Tomorrow, the 25th of January, 2012 marks the first anniversary of the Egyptian revolution. The impact of last year went far beyond Egypt to reshape the world’s expectations of the role of “the people” in politics. To quote Nelly Hanna, who I ran into at MESA – “we [Egypt] are changing the world!”
The revolution in Tunisia was shocking and exhilarating — and then, for Hosni Mubarak to fall in only 18 days … there is absolutely nothing I can write that can convey the jubilation of February 11, 2011, and the roller-coaster ride of emotions ever since for all those watching with bated breath. Revolution broke out in Libya and in Yemen – and two more dictators fell – Qaddhafi slain after his mad campaign to destroy his own people, and Saleh — wheeling, dealing, lying and manipulating to obtain the immunity that Mubarak did not (formally) receive. The Syrian dictator and his cruel regime will likely be dismantled in the coming year, and then the fate of autocracy in the region remains to be seen.
In Egypt, Police Day always recalled the huge number of people employed by the police and the security forces (the latter estimated at 1 million – larger than any army). And yet, once the Egyptian people joined the ongoing demonstrations, it was fairly clear that they outnumbered the army and police, and while there were casualities, the violence could have been so much worse. The military assumption of power was intended to be temporary. And indeed, the elections for the Majlis al-Sha`b have taken place, not perhaps with the outcome that some wish, but in all, a much more democratic procedure than in any of the previous electoral charades carried out under Mubarak. Presidential elections will be scheduled and the Constitution will be rewritten, not least because Mubarak had sullied it with changes to bolster his own executive power and these must be removed.
There is much to hope for and much room for anxiety. Not a day goes by without my receipt of a bitter comment or message castigating the Muslim Brotherhood or the salafis for “stealing the revolution.” Well, it was their revolution too. They withstood detentions, arrests, torture, political machinations for years. Islamists are now more popular than most other political groups throughout the region at this particular time in history. Get used to it. Islamism is here to stay and we can hope and work for enlightened, intelligent power-sharing and cooperative solutions. Liberals, anti-Islamists, or those who oppose religious parties really need to stop engaging in takfir – just as others must not employ takfir against them. Liberty means the pursuit of differing political visions and democracy means learning how to compromise on, or bide one’s time to address these differences.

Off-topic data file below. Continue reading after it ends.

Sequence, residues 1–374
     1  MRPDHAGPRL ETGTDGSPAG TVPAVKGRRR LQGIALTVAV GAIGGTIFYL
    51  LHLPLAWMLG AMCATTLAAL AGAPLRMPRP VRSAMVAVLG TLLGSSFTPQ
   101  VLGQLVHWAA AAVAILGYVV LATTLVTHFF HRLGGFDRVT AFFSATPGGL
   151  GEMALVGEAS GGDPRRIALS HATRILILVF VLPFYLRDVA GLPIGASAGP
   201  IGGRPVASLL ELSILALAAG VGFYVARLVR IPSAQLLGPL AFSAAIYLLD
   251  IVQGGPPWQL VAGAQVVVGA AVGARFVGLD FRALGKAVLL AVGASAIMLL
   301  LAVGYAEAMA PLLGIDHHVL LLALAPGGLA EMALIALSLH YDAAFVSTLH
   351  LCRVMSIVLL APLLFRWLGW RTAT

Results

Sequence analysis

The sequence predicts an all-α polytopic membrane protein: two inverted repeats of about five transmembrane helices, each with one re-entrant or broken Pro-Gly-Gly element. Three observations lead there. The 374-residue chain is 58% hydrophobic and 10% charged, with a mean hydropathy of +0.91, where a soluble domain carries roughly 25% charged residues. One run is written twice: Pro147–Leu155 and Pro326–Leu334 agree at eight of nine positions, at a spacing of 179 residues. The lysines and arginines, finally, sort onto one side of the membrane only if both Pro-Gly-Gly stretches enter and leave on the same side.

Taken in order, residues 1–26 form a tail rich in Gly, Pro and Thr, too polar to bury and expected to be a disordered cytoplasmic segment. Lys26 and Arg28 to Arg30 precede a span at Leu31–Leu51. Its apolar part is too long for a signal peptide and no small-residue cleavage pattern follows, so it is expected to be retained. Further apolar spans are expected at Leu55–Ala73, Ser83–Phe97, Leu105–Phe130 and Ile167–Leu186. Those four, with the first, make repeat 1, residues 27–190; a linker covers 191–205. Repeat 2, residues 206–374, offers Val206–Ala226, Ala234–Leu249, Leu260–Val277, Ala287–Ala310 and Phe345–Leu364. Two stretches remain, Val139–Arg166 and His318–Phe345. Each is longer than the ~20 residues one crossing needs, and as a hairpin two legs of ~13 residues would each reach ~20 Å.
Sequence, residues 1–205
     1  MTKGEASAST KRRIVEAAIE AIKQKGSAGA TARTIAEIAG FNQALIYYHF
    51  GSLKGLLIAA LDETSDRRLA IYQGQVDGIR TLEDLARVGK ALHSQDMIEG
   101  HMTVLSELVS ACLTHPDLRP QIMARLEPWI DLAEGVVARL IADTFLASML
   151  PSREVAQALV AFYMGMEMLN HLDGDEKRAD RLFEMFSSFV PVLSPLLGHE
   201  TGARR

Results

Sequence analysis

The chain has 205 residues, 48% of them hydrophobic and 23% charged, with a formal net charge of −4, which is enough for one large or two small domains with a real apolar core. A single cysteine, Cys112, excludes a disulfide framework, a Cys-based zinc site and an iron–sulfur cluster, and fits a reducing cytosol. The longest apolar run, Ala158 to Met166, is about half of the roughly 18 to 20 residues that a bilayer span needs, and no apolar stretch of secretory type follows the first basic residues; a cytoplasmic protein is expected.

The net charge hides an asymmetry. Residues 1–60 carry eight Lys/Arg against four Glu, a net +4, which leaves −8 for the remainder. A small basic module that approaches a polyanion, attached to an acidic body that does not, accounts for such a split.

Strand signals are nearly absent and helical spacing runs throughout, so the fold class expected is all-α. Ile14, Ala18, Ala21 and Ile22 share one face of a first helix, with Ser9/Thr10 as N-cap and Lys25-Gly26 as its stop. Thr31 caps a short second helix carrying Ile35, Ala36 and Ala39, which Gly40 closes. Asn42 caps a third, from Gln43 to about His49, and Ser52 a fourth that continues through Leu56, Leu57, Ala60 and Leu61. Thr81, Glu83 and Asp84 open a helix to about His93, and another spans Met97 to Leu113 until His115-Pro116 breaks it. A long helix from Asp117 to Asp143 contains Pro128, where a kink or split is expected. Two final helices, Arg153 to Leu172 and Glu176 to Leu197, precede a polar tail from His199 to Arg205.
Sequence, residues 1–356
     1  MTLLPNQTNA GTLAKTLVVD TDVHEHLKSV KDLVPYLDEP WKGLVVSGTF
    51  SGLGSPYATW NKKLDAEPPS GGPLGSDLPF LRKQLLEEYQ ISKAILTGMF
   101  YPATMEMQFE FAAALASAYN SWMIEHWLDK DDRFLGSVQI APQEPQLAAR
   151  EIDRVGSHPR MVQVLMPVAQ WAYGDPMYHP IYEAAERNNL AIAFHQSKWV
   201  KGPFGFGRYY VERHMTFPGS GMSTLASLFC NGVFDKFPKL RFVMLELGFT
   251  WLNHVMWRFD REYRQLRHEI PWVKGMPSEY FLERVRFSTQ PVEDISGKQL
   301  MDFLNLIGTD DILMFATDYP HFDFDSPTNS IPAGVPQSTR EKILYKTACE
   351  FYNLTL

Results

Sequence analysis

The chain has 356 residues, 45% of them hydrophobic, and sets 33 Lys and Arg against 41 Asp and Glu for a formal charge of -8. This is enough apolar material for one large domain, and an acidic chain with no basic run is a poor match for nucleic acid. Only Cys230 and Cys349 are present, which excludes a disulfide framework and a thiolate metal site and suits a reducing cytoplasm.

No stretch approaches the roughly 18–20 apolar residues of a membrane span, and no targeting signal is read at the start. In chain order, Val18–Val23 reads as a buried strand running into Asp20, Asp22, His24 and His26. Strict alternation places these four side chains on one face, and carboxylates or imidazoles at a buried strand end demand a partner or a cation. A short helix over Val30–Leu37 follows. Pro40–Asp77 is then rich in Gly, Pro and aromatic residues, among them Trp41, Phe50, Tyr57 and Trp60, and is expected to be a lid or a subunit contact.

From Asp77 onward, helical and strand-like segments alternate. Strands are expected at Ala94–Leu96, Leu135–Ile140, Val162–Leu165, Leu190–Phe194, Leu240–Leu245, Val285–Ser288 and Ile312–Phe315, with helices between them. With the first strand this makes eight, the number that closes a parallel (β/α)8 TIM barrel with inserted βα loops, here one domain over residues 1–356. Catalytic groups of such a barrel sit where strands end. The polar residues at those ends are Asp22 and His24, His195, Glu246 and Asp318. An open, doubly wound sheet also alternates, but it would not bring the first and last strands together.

One might dream of seeing a bayan issued by the Freedom and Justice Party or the MB movement itself to the women of Egypt. Something to the effect of “we recognize the oppression that the women of Egypt have suffered, the legal discrimination they have sought to reverse and that their representation in Parliament is hardly fair for 51% of the population. We recognize oppression within the family, and that violence against women and girls is a serious matter. We don’t intend to undo legal reforms that have benefitted women.” One is not heartened to hear those voices that called for undoing the legal reforms of 2000 … Surely women’s future is as important as sending a message about the solidarity of Egyptians – Christians and Muslims together.
It was reported today that the Mushir (Tantawi) will cancel the emergency law. At long last! This is terribly important as the law buttresses the system of security courts and detentions without charge and the entire system of punitive, suspicious regard by security personnel of the public. It should impact free speech. There is a catch – he said it would be cancelled, except for instances of “thuggery.” Let’s hope that means attacks by the thugs on demonstrators.
Many scholars and experts have stated that the “revolution is not complete.” Well, duh. How could it be? The old regime is so well ensconced in business, financial and intellectual institutions, like, I hate to say it, but the American University in Cairo where the President’s representative, a retired general, called one day to tell my colleague not to use a particular book (you know the book I mean, some of you). And where Tom Friedman and Martin Indyk recently were guest speakers (why?) Of course there are lovers of freedom at that faculty and in others — but the networks of power and influence are not so easily dissolved.
Let us hope as well that in the new Egypt, there will be a new domestic approach to the problems of poverty and development for democracy does not necessarily mean capitalist democracy where a country with a huge low-income population and income gap can ignore the consequences of privatization and rising prices. Let us hope that it will mean a new foreign policy, where actions match rhetoric. For too long, hollow support of Palestinian rights has been juxtaposed with doing the bidding of Israel – closing the border, bombing the tunnels, and ensuring the safety of a regime at the behest of the Quartet. Perhaps the Egyptian people need a voice – at least a referendum on some of these issues.
Mabruk Egypt! Mabruk!